This is amazing. Especially because it is based upon just classical electromagnetism. Probably the secret was more to think about looking into stealth possibilities, rather than establishing how to do so once you decide to do it.
 
  • #26
vanesch said:
This is amazing. Especially because it is based upon just classical electromagnetism. Probably the secret was more to think about looking into stealth possibilities, rather than establishing how to do so once you decide to do it.
You are exactly right - the Russians just didn't see that application for the paper. There is more on this in the book "Skunk Works" by Ben Rich (the director of Skunk Works for those years), including snippets from the Russian scientist himself (I think he went to work for Northrup in the '90s) and a few pages by the Lockheed engineer that turned the science into technology. It's mostly a story book though - some of the stories are really good...

-Since at the time a lot of people just flat out didn't believe what they were doing was possible, some of the first tests they did included a ball bearing glued to the nose of the model to see which was brighter. The director, when out schlepping for funding, would then roll the equivalent-sized ball bearing across the desk of whatever Air Force general he was meeting with to illustrate just how big the plane looked to a radar.

-In one early test of the prototype, they flew over a SAM missile installation, telling the operators where and when to look. A young enlisted guy stood outside with a Lockheed engineer to verify the plane flew over (and tell the seargeant to forget what he saw) - the radar guys in the trailer never saw it.

In case you can't tell, that's probably my favorite nonfiction book.
 
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  • #27
Actually, the answer to the original question is an unqualified yes. ITAR exists. You may, of course, debate its effectiveness and its biases, but that was not the question.
 
  • #28
TVP45 said:
Actually, the answer to the original question is an unqualified yes. ITAR exists. You may, of course, debate its effectiveness and its biases, but that was not the question.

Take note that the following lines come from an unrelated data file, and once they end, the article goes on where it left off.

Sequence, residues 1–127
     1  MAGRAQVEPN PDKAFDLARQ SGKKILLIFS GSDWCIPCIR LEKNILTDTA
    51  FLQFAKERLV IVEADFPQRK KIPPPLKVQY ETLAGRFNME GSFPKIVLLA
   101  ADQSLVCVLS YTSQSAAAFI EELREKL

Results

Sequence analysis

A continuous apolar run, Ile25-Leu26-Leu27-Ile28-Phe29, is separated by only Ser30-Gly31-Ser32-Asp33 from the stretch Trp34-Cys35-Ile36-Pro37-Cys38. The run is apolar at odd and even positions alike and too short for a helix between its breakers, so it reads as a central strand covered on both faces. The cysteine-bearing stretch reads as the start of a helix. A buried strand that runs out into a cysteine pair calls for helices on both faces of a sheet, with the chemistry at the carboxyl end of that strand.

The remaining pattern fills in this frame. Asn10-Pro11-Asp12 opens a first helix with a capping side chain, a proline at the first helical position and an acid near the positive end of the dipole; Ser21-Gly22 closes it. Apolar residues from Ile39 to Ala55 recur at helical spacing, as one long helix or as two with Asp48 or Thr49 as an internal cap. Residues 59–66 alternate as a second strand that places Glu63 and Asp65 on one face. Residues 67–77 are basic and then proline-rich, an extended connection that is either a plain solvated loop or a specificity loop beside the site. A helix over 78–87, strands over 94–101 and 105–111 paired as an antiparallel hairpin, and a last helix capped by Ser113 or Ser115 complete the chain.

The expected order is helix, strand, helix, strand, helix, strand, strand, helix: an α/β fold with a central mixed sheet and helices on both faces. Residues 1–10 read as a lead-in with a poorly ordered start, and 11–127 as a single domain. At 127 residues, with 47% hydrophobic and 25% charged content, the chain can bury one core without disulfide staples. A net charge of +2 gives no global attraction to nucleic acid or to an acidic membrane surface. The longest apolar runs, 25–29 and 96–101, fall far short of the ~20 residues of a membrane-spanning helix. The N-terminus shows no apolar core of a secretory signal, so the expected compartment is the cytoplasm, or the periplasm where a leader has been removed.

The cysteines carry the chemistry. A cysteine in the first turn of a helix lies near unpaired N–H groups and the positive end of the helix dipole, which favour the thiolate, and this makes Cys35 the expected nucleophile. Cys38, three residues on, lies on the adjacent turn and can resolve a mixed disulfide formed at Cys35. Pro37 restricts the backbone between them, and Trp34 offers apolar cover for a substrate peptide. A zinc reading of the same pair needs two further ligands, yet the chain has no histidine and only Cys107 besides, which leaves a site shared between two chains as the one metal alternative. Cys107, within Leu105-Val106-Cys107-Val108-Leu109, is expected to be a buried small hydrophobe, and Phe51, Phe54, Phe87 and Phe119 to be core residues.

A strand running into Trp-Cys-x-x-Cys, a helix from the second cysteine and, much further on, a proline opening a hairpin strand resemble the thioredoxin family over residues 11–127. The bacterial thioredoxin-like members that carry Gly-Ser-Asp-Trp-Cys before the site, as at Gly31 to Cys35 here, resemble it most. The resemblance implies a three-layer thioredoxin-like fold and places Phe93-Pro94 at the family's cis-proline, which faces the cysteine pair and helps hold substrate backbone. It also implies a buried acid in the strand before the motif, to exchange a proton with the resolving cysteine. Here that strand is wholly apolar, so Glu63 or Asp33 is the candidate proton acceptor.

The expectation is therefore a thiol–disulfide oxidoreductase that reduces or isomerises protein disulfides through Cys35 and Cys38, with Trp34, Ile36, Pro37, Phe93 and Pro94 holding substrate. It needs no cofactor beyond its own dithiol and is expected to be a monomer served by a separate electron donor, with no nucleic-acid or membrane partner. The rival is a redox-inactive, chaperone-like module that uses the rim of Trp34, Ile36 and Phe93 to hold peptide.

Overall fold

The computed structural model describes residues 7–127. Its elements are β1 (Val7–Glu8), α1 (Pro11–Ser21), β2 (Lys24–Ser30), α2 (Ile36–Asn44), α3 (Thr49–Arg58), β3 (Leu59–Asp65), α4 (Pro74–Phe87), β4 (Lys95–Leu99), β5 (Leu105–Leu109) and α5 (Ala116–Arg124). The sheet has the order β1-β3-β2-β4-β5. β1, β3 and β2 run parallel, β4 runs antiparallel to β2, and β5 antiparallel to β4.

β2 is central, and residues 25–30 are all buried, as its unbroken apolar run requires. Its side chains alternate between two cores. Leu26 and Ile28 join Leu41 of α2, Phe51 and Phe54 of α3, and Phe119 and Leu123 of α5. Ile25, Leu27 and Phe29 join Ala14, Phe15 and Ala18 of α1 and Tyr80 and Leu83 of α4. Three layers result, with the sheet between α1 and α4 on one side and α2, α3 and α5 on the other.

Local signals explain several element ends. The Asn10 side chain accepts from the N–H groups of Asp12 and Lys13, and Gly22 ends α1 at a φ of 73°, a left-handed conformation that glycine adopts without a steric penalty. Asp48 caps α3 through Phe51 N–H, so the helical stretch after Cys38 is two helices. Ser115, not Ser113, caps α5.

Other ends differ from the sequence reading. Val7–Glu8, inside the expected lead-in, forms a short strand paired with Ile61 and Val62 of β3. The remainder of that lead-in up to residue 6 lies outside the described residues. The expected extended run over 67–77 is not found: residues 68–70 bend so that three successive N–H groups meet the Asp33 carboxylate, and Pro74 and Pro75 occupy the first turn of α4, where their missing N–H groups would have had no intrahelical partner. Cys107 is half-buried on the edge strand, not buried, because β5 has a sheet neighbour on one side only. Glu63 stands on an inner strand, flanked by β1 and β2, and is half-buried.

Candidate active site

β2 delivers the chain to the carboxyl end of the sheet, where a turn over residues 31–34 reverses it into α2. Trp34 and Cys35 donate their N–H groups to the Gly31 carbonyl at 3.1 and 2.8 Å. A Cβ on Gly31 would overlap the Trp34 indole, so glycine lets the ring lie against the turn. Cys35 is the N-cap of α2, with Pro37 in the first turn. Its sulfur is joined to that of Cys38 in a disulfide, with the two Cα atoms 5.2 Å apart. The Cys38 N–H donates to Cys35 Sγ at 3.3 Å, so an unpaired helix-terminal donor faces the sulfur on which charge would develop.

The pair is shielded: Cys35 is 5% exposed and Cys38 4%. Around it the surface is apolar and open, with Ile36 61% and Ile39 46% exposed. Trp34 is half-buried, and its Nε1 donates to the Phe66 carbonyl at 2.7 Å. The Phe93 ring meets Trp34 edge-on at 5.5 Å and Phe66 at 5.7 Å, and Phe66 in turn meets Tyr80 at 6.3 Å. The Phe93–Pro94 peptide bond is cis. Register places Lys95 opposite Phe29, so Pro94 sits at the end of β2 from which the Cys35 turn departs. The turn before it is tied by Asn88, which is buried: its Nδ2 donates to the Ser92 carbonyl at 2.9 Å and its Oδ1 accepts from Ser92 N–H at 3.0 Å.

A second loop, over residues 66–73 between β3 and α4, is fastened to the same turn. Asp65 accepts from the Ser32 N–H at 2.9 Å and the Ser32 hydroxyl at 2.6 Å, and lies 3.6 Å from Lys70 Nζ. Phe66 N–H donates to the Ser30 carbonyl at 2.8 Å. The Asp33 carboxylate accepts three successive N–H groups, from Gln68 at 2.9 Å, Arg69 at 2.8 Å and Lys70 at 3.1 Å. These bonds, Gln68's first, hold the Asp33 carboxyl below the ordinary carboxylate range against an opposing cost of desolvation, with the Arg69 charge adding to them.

I think we all stand corrected :redface:
 
  • #29
Well.. depending on the nature of what is being done here... the govt would come in and take whatever steps it deems necessary. For example... making illicit drugs, bombs, rockets, etc. looks at all the chemicals it put on the restricted/watched list as a result of the war on drugs. You can't even buy a bottle of iodine anymore, and forget about buying chem or lab equipment. ATF, FBI, CIA, Secret Service, NSA, State/Local law enforcement... anyone of these agencies could be in your face for any number of reasons. There was some kid who got busted for buying ammonium nitrate off ebay. I don't think he actually made anything with it despite its potential legitimate uses, but still. law enforcement see that and think, bomb or rocket fuel
or whatever. just asking for it. I think any clandestine lab of any sort (legit or not) would get their attention and they are looking for them.
 
  • #30
mapsurfer said:
I think any clandestine lab of any sort (legit or not) would get their attention and they are looking for them.

This is a global forum. A lot of us don't give a rat's ass what the US government wants.
 
  • #31
Danger said:
This is a global forum. A lot of us don't give a rat's ass what the US government wants.

Careful. King the wonder dog may be sniffing your car as you speak.:wink:
 

1. What is technology suppression?

Technology suppression refers to deliberate efforts to restrict or limit the development, dissemination, or use of certain technologies. This can be done for various reasons, such as economic, political, or ethical concerns.

2. Why would someone want to suppress technology?

There are many reasons why someone might want to suppress technology. Some may view certain technologies as dangerous or harmful to society, while others may want to protect their own interests or maintain a technological advantage over others.

3. How does technology suppression affect society?

Technology suppression can have both positive and negative effects on society. On one hand, it can prevent the misuse of technologies that may have harmful consequences. On the other hand, it can also hinder progress and limit access to potentially beneficial technologies.

4. What are some examples of technology suppression?

Examples of technology suppression include government censorship of the internet, restrictions on the use of genetically modified organisms, and limitations on the development of renewable energy technologies.

5. Can technology suppression be justified?

This is a complex and controversial question. Some argue that certain technologies should be suppressed in order to protect society, while others believe that technological progress should not be hindered. Ultimately, the justification for technology suppression depends on the specific circumstances and perspectives involved.